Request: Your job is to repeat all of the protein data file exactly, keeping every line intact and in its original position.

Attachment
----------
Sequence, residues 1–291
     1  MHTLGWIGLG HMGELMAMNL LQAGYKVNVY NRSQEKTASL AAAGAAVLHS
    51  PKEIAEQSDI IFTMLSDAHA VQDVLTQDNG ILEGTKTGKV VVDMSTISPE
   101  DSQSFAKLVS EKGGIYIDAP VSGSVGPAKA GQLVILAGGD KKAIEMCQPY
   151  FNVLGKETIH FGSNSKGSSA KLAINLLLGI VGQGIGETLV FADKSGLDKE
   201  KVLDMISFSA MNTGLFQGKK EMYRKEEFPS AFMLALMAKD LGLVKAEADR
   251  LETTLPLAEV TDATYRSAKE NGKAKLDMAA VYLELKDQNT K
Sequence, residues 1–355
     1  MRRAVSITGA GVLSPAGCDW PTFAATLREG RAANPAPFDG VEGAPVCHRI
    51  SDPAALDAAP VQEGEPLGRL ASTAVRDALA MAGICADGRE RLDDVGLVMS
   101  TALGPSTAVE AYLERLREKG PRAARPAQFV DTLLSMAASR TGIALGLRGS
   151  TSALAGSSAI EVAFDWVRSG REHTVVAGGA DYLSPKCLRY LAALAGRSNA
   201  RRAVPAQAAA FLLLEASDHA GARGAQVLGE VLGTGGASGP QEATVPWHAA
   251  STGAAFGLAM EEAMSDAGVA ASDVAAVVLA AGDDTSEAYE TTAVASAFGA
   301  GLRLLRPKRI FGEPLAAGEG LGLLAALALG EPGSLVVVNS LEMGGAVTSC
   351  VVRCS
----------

Sequence, residues 1–291
     1  MHTLGWIGLG HMGELMAMNL LQAGYKVNVY NRSQEKTASL AAAGAAVLHS
    51  PKEIAEQSDI IFTMLSDAHA VQDVLTQDNG ILEGTKTGKV VVDMSTISPE
   101  DSQSFAKLVS EKGGIYIDAP VSGSVGPAKA GQLVILAGGD KKAIEMCQPY
   151  FNVLGKETIH FGSNSKGSSA KLAINLLLGI VGQGIGETLV FADKSGLDKE
   201  KVLDMISFSA MNTGLFQGKK EMYRKEEFPS AFMLALMAKD LGLVKAEADR
   251  LETTLPLAEV TDATYRSAKE NGKAKLDMAA VYLELKDQNT K
Sequence, residues 1–355
     1  MRRAVSITGA GVLSPAGCDW PTFAATLREG RAANPAPFDG VEGAPVCHRI
    51  SDPAALDAAP VQEGEPLGRL ASTAVRDALA MAGICADGRE RLDDVGLVMS
   101  TALGPSTAVE AYLERLREKG PRAARPAQFV DTLLSMAASR TGIALGLRGS
   151  TSALAGSSAI EVAFDWVRSG REHTVVAGGA DYLSPKCLRY LAALAGRSNA
   201  RRAVPAQAAA FLLLEASDHA GARGAQVLGE VLGTGGASGP QEATVPWHAA
   251  STGAAFGLAM EEAMSDAGVA ASDVAAVVLA AGDDTSEAYE TTAVASAFGA
   301  GLRLLRPKRI FGEPLAAGEG LGLLAALALG EPGSLVVVNS LEMGGAVTSC
   351  VVRCS